Thursday, July 3, 2008

Orphaned and Vulernable Children

Today Thoko, Thini and I drove to Salukazi to take some clothes for a family of four children without parents. When we got there, we found that only one child, a 14 year old girl, out of the 4 children is still attending school. An older brother has gone to live with an Uncle in another community and attends school there. Another sister and brother aren’t attending school for unknown reasons. We also learned of a boy who is 15 years old and lives with his grandmother and blind mother. The boy is only in the 4th grade probably because of the lack of money for school fees so the boy probably doesn’t attend school regularly for the entire school year or he may not have started school at age 6 like he should have. And then we learned of a family of 3 children ages 13, 12 and 11, who are double orphans that are staying with an Auntie who is sick so another Auntie is taking care of the sick Aunt. This usually means the person has AIDS and is being cared for by someone else. It might not mean that, but rarely is the term HIV or AIDS used especially referring to someone who is sick. The Auntie has two children, a boy 17 and a girl too young to go to school so there are 5 children living in that house. The 13 year old girl has some sort of eye infection and clearly wasn’t healthy. The girl couldn’t afford to go to the Doctor because of the cost of transport and the Doctor fees. Round trip transport fee is 15 rand (about $2.00). The Doctor’s fee is 20 rand (about $2.75). The girl’s auntie would have to travel with her. So the cost of the transport and Doctor’s fee to send the child to the Nazarene Hospital in Manzini is 50 rand. When I sit there and listen to these stories as they are translated to me, it is so overwhelming. The easy answer would seem to be to give the child 50 rand so she can go to the Doctor. However, time and time again I’ve heard the stories that if you put 50 rand in the hand of a person they are going to use it for something else that they feel is more basic such as food. Put it in the hands of a child and you put the child at risk of being robbed. But the situation is so sad, and I am so aware that this scenario of orphaned children in need of medical attention is repeated thousands of times over. We just happened to be at this place with this child.

I asked the head teacher if I gave her (the head teacher) the 50 rand if the auntie could be trusted to get the child to the hospital for treatment and how I would know that this actually happened. The plan we came up with is that I gave the money to the head teacher. She is going to contact the girl’s Auntie and make arrangements for her to go to the hospital next Tuesday morning. The head teacher will notify Thoko when then are going so that one of the Manyano ladies can go meet them there and make sure they get the treatment, which should help them get better treatment. They will ask for a prognosis report to be returned to me so we know she got the treatment and also know if she will need to make a return visit so I can get the funds to the head teacher for the return visit.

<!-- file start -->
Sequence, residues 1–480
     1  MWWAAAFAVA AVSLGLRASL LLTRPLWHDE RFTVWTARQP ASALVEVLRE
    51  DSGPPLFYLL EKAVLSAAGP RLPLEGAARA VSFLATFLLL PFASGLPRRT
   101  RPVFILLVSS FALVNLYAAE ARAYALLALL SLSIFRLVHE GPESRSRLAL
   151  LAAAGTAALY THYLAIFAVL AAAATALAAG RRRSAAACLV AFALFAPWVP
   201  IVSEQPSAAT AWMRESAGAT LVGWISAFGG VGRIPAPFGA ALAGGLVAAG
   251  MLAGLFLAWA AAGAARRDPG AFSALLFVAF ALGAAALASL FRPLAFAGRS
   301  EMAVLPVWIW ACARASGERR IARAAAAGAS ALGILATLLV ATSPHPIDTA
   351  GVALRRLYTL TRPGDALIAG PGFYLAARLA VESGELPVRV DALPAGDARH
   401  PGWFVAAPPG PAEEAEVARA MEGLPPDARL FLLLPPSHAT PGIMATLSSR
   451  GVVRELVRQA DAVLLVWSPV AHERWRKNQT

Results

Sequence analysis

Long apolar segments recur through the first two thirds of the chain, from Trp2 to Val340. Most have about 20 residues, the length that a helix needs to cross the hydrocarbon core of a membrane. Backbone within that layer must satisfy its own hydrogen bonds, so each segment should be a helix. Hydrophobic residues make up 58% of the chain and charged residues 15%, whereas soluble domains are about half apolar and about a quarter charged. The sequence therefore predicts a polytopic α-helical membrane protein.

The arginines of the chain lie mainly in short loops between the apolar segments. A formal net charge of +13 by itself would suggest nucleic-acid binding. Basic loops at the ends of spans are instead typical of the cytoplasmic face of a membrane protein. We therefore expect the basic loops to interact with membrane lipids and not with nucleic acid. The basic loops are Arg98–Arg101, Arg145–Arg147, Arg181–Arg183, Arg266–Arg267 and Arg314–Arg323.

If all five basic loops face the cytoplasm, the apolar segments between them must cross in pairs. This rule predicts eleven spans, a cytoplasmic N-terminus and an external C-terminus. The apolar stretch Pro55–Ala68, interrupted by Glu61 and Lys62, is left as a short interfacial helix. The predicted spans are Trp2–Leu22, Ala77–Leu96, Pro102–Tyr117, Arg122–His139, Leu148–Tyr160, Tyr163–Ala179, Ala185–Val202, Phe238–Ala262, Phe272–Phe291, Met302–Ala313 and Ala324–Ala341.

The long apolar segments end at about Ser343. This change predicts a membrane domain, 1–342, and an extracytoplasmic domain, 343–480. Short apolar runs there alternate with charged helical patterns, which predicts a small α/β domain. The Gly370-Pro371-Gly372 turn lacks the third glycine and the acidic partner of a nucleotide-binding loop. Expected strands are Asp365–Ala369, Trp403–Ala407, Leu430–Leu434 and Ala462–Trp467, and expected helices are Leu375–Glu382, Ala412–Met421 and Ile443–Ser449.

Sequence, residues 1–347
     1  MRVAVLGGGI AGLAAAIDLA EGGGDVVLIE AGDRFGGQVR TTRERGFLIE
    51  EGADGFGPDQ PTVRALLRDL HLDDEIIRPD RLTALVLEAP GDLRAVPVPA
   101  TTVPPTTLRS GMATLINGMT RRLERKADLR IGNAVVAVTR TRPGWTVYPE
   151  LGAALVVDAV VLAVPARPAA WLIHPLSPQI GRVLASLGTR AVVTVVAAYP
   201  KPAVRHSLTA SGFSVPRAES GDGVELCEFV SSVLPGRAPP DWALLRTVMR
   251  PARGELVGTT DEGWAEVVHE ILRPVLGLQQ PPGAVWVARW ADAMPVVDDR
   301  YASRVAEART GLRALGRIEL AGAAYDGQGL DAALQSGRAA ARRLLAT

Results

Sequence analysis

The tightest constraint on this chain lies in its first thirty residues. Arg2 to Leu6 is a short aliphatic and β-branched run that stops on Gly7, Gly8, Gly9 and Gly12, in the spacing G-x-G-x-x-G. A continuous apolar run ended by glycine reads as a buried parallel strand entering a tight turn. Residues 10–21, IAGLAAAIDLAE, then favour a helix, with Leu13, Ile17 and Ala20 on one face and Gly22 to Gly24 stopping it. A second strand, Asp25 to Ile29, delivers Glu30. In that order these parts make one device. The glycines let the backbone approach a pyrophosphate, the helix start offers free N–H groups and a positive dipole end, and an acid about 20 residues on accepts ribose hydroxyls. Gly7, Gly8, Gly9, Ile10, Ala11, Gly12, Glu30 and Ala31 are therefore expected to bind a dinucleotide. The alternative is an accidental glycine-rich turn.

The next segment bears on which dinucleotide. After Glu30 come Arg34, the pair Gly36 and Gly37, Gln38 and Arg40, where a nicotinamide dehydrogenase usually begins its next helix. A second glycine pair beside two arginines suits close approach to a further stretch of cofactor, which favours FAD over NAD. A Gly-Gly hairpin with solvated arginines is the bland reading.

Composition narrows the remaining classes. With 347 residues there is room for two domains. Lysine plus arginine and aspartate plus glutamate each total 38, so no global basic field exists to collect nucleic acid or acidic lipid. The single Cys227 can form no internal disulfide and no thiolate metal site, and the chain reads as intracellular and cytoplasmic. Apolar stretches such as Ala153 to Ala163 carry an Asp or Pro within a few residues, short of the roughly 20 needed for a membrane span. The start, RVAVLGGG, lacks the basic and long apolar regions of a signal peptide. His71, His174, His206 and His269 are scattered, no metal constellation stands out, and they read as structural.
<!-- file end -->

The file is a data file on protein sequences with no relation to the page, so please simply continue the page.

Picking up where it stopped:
This seems like a lot of mistrust and checkpoints. I struggle with that a lot. But somehow we (the head teachers, Manyano and I) have to find a way that we can help individual children with a few of their basic needs and make sure they get the care. It’s as much to protect the child and make sure she gets the care as it is to make sure the money isn’t wasted. We all waste the equivalent of $7.00 every day. One latte from Starbucks and we’ve almost thrown that much away. But it’s a different playing field here. One, people are used to receiving handouts without accountability and two the needs are so great.

I don’t know if this will be successful or not but my thought is we’ll use this as an experiment. If this can work maybe we will have set up a process we can use with other children we have seen that need medical care that is beyond reach because of distance and the cash needed to get to the clinic or hospital.

The ladies are going to add the children to the list of children to make school uniforms for. They also left a couple of boxes of clothes for these children or others in need. We’ll see what happens from here. Bit by bit, one heart at a time, one child at a time.

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